Nick Young Upset No Lakers Teammates Defended Him in Fight with Alex Len

Zach Buckley@@ZachBuckleyNBANational NBA Featured ColumnistJanuary 16, 2014

Getty Images/Christian Petersen

Nick Young knows how today's NBA fights work. He just wishes his Los Angeles Lakers teammates would have adhered to this unwritten code of conduct.

Normally, there's a brief bit of contact, a whole lot of jawing, a handful of shoves and teammate intervention to keep things from escalating.

However, when Young got into a tussle midway through the second quarter of the Los Angeles Lakers' 121-114 loss on Wednesday night, the last part of the process never happened. Not for Young.

He took exception to a hard foul by Suns rookie Alex Len and traded shoves with the 7-footer. Then Len's teammate, Marcus Morris, gave Young a couple shoves. Young, perhaps looking for anyone closer to his size, moved down the line and threw somethingan open-handed shove? a punch?at Goran Dragic's face.

Young was ejected, but that's not the reason he was seething after the game.

"What I'm mad about is it was 1-on-5, I felt like," he said, via Dave McMenamin of ESPN Los Angeles. "If somebody [from the Lakers] would have got in the middle, everything wouldn't have escalated that much."

Lakers coach Mike D'Antoni didn't see it the same way.

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"You don't fight in this league," D'Antoni said. "It wouldn't help us to lose two or three more guys."

There's an argument to be made for both sides, and people willing to make those opinions known. Former Laker Robert Horry said that Young's teammates needed to get involved:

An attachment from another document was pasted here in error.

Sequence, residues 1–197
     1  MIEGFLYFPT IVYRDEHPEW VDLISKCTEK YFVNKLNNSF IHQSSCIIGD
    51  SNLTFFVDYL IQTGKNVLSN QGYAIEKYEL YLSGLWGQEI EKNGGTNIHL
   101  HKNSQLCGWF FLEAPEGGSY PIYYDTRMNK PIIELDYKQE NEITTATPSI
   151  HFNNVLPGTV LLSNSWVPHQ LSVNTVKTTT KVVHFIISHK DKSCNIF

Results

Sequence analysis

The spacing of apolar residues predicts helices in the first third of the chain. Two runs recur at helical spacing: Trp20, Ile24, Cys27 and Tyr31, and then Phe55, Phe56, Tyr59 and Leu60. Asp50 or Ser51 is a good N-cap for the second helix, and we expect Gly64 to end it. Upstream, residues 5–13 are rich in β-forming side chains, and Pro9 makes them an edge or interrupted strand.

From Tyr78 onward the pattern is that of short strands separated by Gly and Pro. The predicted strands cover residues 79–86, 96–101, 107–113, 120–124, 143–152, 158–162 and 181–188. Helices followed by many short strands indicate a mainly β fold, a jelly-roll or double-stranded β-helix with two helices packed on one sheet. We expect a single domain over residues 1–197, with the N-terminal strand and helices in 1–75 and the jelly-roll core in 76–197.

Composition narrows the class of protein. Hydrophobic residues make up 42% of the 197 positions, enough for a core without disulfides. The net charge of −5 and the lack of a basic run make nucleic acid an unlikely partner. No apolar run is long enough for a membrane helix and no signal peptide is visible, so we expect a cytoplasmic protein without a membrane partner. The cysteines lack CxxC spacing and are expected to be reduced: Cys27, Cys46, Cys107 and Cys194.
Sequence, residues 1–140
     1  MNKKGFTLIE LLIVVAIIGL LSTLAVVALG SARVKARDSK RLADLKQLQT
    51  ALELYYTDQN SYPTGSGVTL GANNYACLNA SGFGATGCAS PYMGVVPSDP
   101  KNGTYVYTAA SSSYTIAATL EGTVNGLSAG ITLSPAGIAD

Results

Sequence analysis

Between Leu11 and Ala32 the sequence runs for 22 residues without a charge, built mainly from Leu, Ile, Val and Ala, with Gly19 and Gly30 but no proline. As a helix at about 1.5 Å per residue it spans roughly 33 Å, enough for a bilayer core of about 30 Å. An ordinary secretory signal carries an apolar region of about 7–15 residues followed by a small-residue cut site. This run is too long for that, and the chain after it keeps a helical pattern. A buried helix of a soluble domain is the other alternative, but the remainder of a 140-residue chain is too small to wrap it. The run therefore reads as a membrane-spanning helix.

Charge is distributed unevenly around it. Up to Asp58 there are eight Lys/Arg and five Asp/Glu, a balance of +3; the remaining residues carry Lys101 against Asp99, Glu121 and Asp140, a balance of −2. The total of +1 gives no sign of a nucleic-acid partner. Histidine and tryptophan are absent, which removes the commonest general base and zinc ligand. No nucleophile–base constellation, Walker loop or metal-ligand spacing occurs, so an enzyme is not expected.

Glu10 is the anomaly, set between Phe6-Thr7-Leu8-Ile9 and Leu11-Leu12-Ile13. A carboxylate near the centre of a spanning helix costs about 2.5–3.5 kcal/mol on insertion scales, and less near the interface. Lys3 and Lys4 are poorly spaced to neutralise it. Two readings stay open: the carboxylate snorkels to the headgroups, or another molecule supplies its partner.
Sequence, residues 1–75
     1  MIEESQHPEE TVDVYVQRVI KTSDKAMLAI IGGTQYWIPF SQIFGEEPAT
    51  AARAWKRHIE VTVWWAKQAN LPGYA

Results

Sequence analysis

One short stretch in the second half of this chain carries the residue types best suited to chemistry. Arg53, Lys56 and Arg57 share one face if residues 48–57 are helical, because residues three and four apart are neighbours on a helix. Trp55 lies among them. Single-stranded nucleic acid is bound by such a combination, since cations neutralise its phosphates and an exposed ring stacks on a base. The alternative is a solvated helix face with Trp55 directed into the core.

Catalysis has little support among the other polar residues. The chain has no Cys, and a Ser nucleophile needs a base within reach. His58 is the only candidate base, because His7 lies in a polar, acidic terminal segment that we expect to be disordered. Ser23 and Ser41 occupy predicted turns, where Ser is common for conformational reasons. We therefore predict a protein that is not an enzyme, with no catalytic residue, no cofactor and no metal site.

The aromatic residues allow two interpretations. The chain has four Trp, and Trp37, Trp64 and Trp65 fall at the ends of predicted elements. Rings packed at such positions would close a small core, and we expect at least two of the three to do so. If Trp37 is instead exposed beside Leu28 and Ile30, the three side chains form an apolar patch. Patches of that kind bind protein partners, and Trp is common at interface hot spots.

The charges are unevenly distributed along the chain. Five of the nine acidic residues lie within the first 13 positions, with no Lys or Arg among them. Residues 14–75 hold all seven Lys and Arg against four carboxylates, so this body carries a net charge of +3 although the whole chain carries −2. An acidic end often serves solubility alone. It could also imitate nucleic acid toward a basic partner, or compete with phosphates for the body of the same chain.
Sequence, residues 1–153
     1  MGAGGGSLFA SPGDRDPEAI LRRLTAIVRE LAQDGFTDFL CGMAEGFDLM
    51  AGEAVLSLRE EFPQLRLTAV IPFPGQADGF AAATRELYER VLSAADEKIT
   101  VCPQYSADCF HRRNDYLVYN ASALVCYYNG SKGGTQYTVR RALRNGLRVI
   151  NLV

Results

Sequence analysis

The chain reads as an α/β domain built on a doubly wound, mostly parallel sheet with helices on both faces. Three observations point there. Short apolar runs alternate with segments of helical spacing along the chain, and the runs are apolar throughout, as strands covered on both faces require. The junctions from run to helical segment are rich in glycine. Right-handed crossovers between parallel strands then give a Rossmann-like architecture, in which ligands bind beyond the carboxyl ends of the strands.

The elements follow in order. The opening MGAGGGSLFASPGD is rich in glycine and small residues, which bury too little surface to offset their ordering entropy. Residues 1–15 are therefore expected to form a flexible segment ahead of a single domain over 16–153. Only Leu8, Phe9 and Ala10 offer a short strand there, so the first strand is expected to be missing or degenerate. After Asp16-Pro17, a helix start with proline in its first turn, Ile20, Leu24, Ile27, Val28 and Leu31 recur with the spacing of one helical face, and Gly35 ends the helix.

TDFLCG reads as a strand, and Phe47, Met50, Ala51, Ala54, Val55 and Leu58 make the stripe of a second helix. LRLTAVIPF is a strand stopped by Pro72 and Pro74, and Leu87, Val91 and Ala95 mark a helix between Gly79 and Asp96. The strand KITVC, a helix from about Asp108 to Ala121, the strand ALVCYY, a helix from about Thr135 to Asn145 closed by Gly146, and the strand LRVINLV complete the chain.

Then again, Horry is old school, so this might not have even qualified as a fight back in his day. But Horry wasn't the only one making that claim. Pau Gasol agreed that the Lakers didn't do enough for their scoring guard:

The numbers game lends some credence to D'Antoni's point. The Lakers' roster has been decimated by injury and only eight players made an appearance Wednesday night.

If the Lakers had made a response, it needed to be a controlled one. They didn't have the bodies to afford another ejection:

They already may need to come up with an emergency plan if the NBA deems Young's actions worthy of a suspension.

"We'll see what happens," Young said, per McMenamin. "It's up to the league and what they decide."

So, was it Young's fault for giving the league office something to decide? Or did his teammates really put him in a can't-win situation by not stepping in?

Frankly, it doesn't matter how we see it. It only matters how the players view the event.

The reeling Lakers, losers of 12 of their last 13 games, can ill afford a locker room divided.